Let’s just start by accepting that 3rd-party repositories are here to stay. Not everybody wants to work via Haikuports. Some of us like to maintain more control over what we present to the community. But we still want to give the Haiku user a unified experience that does not come across as confusing. I have been thinking of a few simple rules that will make life better for us all.
1. The primary source of Haiku software are those maintained by the Haiku project itself (for applications, currently Haikuports). 3rd-party repository maintainers will not release ported versions of software that directly compete with packages available there and will remove conflicting packages when they become available for download officially. However, maintainers may use their repositories to present “bleeding-edge” versions of their own programs.
example 1: on my repo there is a package called discount. I need it as a dependency for my own app Rondel. AFAIK there is a recipe for it but it is not available for downloading on Haikuports yet. When it does become available, I will pull that package from my repo to avoid confusion and my app will start using the official one instead.
example 2: The version of yab on the FatElk repo is usually in advance of the one on the official repos. This is acceptable, since bbjimmy is the current author of that program.
2. 3rd-party repositories will not present the same versions of applications as other repositories, unless by mutual consent between the repository maintainers. They may, however, offer substantially updated versions of an application.
example: I noticed that the GuestOne repo had been inactive for a long time and that their version of Arachnophilia was quite outdated. I therefore felt justified in porting the current version for my repo. I would not post my own port of the same version of Arachnophilia. Also, what we don’t want is a situation where I make v1.0-2, then the next day someone else adds a line to .Packageinfo and makes 1.0-3, then the next day I make 1.0-4 etc. This is not a competition!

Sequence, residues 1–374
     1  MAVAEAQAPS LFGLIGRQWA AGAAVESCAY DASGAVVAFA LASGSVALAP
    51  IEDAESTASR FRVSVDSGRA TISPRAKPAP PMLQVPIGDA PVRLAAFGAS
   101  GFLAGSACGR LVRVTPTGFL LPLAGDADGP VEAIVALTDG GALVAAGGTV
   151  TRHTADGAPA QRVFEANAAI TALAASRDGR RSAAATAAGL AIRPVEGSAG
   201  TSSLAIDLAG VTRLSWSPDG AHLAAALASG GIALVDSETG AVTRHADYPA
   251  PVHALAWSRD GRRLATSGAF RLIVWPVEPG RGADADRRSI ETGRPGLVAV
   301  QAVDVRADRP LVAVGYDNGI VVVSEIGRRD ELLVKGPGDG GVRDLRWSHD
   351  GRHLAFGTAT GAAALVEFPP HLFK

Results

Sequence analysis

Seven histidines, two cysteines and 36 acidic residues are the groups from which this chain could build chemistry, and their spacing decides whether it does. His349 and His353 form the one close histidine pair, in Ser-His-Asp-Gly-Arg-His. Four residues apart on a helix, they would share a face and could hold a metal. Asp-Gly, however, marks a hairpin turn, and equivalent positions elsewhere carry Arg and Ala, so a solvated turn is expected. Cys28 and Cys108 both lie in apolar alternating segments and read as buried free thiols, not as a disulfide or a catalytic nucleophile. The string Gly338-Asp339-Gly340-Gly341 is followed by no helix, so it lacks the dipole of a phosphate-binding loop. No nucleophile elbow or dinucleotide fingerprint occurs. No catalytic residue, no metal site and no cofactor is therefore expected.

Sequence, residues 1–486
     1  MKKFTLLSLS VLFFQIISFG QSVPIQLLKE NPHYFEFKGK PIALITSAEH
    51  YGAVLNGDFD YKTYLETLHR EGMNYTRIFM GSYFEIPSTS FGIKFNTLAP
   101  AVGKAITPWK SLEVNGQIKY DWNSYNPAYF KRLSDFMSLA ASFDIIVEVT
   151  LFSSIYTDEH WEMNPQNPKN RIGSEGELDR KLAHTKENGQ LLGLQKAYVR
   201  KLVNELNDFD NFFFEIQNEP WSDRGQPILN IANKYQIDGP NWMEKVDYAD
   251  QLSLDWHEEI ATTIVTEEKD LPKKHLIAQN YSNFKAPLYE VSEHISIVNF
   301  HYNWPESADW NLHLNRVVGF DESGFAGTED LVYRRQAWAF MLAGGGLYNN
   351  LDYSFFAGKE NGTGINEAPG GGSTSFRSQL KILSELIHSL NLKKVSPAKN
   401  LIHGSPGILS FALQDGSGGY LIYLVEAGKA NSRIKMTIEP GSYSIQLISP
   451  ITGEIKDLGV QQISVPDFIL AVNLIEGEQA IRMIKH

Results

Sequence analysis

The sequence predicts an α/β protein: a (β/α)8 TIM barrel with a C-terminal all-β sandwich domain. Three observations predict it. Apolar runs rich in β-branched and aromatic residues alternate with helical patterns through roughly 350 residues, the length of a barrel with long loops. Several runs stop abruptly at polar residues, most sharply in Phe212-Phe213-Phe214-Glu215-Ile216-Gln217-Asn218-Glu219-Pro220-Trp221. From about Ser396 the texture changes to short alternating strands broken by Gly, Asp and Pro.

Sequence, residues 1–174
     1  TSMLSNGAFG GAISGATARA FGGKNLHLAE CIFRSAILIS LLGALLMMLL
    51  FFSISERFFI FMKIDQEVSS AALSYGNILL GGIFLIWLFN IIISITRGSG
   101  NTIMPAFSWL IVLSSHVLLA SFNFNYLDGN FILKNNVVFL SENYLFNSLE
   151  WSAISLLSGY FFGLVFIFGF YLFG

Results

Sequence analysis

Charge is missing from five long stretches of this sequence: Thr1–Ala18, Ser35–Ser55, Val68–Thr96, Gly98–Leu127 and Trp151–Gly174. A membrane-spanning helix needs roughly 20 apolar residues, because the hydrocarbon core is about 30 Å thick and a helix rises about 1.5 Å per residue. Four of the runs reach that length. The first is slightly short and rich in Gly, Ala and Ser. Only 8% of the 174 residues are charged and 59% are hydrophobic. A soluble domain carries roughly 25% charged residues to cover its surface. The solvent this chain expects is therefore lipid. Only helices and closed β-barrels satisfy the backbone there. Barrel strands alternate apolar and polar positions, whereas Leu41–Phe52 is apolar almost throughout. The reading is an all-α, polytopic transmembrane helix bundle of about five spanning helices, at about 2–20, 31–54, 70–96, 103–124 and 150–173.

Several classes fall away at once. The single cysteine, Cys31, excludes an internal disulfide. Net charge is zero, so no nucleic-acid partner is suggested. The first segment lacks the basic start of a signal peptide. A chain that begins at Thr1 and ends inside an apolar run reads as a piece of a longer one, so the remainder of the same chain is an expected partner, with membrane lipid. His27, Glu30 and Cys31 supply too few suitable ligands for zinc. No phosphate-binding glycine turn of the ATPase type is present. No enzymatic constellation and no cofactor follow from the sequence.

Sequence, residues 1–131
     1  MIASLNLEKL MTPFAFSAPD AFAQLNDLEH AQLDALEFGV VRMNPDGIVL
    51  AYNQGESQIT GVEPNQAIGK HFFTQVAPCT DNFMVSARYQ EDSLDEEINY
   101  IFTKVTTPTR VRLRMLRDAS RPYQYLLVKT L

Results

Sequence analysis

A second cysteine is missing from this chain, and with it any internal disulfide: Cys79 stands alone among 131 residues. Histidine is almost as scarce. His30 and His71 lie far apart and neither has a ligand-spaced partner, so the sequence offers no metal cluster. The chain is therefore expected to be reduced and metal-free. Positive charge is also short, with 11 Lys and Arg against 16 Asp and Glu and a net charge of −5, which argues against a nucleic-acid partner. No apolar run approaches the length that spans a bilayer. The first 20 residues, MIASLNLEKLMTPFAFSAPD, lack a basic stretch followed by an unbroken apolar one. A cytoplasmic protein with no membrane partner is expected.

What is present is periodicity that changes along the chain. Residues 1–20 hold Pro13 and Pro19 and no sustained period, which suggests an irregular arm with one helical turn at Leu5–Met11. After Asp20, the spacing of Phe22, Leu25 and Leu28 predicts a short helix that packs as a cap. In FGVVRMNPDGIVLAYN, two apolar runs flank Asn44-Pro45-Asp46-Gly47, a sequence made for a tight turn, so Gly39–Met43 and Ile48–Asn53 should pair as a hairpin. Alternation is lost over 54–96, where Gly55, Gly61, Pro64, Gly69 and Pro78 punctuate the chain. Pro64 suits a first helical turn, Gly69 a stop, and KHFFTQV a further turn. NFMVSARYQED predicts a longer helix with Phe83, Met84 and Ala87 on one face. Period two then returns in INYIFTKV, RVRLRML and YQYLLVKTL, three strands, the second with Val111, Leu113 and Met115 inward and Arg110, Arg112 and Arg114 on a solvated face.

3. 3rd-party repositories will focus on end-user applications and avoid systems software.
Explanation: It is probably not going to be possible to avoid posting library packages entirely, but try to avoid it. If you port an application with very old and obscure libraries, try putting them in /boot/system/appname/lib rather than in /boot/system/lib. Many applications will work fine that way. Rather use up a little extra HD space than screw up the entire system because your package overwrote a systems library (Yes, I know there are built-in safeguards, but why take the risk?), Speaking more generally, if you want to write systems software, you should be joining the Haiku dev team, not posting them on your own repo. IMHO anyway.
4. 3rd-party maintainers are asked to post a complete list of new and updated packages on a dedicated thread in the Haiku forums as they are uploaded.
Explanation: This will just keep the whole community, dev and user alike, in the loop to what is happening. It can be full and comprehensive, but I think it should be kept as simple as:
Hi everybody, here are new apps and updates on the xyz repo for 1 August 2016:
OK, open for discussion. We have no actual way to enforce any of this, of course. But if we can determine what we want, then at least any new repo creator will know what the community expects.